Snow and Lent
Snow and Lent
I was tempted on Ash Wednesday morning to jump out the window (again). Any second floor window was suitable given the height, depth and width of the snow bank below. But the risk of injury on the first day of Lent kept this pastor safely inside. I had work to do. Such attention seeking behavior was already old news with a Globe story of a man in a bathing suit diving into a drift for a "swim." And the mayor of Boston was warning against such foolishness, even if one could claim being a "fool for Christ" (I Cor. 4:10). The pressure to jump came by virtue of the plush pile's imminent removal.
I noticed a kind of tipping point this week in which people were trying to laugh at the misery brought on by 8 feet of snow in half as many weeks. A friend and colleague who also happens to be the president of Andover Newton Theological School sent out an Ash Wednesday announcement postponing Lent by a week: In a proclamation that stunned the world of theological education, President Martin Copenhaver said, “Part of our mission as a school is to be ‘radically open to what God is doing now.’ Well, we have no idea what God is doing now, except this: Snow. Lots of snow. We have had to cancel classes on six days already — that’s already a whole week (minus Sunday, of course). In other words, we are already a full week behind. Therefore, we feel obliged to respond. Moving Lent seemed the least we could do. Might it be controversial? Yes, but we are not only the oldest, we are also the boldest seminary in the country. Here we stand. We can do no other.”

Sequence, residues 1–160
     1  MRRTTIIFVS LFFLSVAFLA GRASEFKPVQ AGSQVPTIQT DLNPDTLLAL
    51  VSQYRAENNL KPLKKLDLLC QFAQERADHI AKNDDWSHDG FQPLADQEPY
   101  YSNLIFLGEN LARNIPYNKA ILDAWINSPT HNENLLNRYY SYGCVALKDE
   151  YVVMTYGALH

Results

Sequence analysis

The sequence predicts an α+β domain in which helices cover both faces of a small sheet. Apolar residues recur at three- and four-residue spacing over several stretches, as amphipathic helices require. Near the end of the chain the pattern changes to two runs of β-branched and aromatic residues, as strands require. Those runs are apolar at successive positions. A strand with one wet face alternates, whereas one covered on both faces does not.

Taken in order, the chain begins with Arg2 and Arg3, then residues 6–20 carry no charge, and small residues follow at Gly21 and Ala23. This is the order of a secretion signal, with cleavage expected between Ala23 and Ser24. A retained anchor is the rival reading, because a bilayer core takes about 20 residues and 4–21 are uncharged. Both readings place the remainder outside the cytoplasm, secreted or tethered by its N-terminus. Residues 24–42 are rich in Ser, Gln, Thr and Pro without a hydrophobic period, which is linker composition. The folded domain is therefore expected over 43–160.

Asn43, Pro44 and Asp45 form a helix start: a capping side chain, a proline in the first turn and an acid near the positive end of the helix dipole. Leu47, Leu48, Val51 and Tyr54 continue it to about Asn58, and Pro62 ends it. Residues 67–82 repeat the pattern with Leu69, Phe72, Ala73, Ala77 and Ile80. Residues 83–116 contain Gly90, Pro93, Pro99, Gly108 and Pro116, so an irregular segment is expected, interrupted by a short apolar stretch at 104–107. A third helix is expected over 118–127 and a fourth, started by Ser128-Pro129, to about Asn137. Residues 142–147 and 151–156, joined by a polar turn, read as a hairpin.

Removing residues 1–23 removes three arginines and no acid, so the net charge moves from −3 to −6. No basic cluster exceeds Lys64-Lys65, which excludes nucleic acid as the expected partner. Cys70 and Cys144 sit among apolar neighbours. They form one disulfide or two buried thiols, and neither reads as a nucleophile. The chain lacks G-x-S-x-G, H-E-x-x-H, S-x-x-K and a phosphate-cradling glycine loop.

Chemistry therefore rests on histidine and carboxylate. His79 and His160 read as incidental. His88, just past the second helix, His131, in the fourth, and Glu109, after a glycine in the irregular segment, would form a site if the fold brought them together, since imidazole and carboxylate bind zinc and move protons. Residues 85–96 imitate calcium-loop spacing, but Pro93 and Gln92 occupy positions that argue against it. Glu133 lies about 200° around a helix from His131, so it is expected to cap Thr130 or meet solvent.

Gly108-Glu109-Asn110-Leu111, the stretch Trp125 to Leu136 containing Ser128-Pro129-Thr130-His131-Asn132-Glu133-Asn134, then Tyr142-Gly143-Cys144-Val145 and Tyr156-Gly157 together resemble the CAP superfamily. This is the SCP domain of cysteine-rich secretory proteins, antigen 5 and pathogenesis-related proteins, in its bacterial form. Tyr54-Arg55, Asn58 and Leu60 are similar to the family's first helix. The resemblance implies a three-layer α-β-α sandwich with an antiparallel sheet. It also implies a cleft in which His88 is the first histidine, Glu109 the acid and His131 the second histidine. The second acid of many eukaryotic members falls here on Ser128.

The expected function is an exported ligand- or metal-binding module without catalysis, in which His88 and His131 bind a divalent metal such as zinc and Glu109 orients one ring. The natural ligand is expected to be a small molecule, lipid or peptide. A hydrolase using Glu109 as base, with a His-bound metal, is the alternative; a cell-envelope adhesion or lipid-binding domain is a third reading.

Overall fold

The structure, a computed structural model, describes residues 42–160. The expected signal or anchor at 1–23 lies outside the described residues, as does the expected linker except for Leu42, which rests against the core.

On the first day of Lent I wanted to canonize as saints our facilities manager Dennis O’Brien and our snowplower and landscaper Chris Manfredi for all their hard work in the recovery of our parking lot so that we can safely come to church in this now-frozen, holy season. Never in local history have parking lots been more appreciated. Saint Paul is blessed by all our space for vehicles and by these two men who are surprisingly joyful and enthusiastic in their work at Saint Paul. Our primary task as a community is to Gather, so it helps if you can park.
I wish we could fast from the snow but it will likely be with us until Easter and beyond. Pope Francis's has a better idea. Penance and self-denial are good disciplines for lent, but rather than giving up sweets or alcohol he reminds us that fasting should be for the benefit of others. And so he calls us to fast from indifference toward God and our neighbor. Describing a phenomenon he calls the globalization of indifference, Francis writes: “whenever our interior life becomes caught up in its own interests and concerns, there is no longer room for others, no place for the poor. God’s voice is no longer heard, the quiet joy of his love is no longer felt, and the desire to do good fades.” He continues that, “We end up being incapable of feeling compassion at the outcry of the poor, weeping for other people’s pain, and feeling a need to help them, as though all this were someone else’s responsibility and not our own.”
I will take those words with me through lent as we gather here to worship a God who cares, who comes to us in Word and Sacrament so that we can care for others.